Letterkenny, County Donegal; last stop on a blitzkrieg three day tour of the Republic of Ireland’s wild and untamed northwest.
Three days prior, I pulled out of Galway in a brand new rent-a-car, pristine, like a new born baby in swaddling cloths. “Extra insurance?” the devil behind the car hire desk asked. “You bet your ass,” I answered; I knew what those god damn roads were like.
The upside to this road trip though was that at least I had a traveling buddy. My friend Elodie’s friend Camille was going the same way as me. For Camille it meant not having to take the bus, and an excuse to practice her English (she’s French). For me it meant one less car ride spent talking aimlessly into a digital voice recorder.
We lit out of Galway and headed for the Connemara, the northwest region of County Galway. The thing about Ireland is that each time you think you’ve seen all the beauty this island has to offer, you enter a new region and are awe struck once again. Between the placid mirror-like lakes, pale mountains, deep valleys and more than occasional rainbows, the Connemara is so gorgeous it hurts.
We hit Westport by nightfall, and this was where the wear and tear of a week in Galway finally caught up to me. I was worn out, tired and sick. But I’d heard that Westport had a must see traditional music scene, so of course we went to the pub that night where I managed to thoroughly insult a local man when I wouldn’t let him buy me a beer because I felt too lousy.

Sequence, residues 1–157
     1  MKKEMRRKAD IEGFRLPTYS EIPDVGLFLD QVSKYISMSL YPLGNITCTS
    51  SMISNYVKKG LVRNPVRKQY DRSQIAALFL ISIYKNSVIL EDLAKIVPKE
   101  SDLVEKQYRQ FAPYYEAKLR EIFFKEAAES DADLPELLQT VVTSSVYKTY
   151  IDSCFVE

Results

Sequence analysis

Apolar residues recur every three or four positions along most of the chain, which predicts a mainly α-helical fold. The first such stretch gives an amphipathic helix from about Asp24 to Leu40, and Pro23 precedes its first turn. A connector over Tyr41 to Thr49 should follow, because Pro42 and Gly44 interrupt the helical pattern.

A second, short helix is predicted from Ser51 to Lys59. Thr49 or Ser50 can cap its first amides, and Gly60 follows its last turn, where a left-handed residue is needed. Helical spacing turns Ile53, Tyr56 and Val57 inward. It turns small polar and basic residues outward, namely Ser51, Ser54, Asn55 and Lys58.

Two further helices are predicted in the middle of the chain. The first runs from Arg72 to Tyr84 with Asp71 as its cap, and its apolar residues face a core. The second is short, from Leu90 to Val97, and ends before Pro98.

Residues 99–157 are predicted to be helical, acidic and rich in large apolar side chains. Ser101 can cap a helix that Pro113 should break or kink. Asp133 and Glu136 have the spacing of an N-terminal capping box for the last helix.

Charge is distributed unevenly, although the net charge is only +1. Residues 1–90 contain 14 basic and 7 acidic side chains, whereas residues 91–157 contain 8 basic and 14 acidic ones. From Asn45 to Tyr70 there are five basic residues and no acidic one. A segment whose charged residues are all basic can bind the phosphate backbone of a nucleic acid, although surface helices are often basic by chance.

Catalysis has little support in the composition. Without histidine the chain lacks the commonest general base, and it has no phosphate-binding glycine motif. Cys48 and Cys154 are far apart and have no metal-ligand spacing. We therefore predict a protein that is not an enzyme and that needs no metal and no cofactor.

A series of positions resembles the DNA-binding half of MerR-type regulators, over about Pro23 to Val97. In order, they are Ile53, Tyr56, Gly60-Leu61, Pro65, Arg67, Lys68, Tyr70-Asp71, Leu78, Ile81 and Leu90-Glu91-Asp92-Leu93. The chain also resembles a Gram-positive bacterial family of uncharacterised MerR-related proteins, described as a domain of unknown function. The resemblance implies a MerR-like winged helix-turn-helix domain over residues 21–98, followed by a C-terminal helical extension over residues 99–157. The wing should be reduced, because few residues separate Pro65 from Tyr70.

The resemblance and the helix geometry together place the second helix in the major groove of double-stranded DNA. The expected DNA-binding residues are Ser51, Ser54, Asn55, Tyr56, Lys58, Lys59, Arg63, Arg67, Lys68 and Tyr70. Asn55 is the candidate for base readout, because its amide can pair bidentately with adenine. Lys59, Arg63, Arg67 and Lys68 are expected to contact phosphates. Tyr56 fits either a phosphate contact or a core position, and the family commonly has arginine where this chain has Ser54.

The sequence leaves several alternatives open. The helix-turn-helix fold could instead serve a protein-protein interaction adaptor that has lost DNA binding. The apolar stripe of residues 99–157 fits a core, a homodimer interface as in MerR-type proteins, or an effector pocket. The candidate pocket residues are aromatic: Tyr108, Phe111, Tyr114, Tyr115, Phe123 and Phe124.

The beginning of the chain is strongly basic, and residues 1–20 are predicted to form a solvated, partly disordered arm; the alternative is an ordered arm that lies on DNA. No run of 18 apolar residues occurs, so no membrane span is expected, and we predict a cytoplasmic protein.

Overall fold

The next day rivaled its predecessor in sheer physical beauty but completely outdid it in bodily sickness. We flew through west County Mayo, a region even more unruly and wild than the Connemara, hitting remote places as the stunning and almost haunting Achill Island (only accessible by a little bitty bridge). By nightfall we were in Sligo, the famous muse of WB Yeats.
Hugging the lazy river Garavogue, Yeats’ Sligo is a charming town with brightly colored buildings and absolutely nothing to do on a Sunday afternoon. So we headed out of town to find Queen Maeve’s grave – roughly 40,000 tons of stone sitting atop a hill, with a 360 degree view of County Sligo. Apparently if you take a stone from the bottom of the hill, and carry it with you for the duration of the 35 minute hike to the top, you can place it on the enormous pile of rocks and make a wish. Unfortunately we didn’t know this until we got back to town.
It was getting dark by the time we left Queen Maeve, so I dropped Camille at the station so she could catch her bus, and I headed Letterkenny where I now sit, exhausted, and coughing up phlegm.
Stuart’s Euro Saving Secret of the Day: Learn how to drive stick shift – it’ll save you LOADS of money.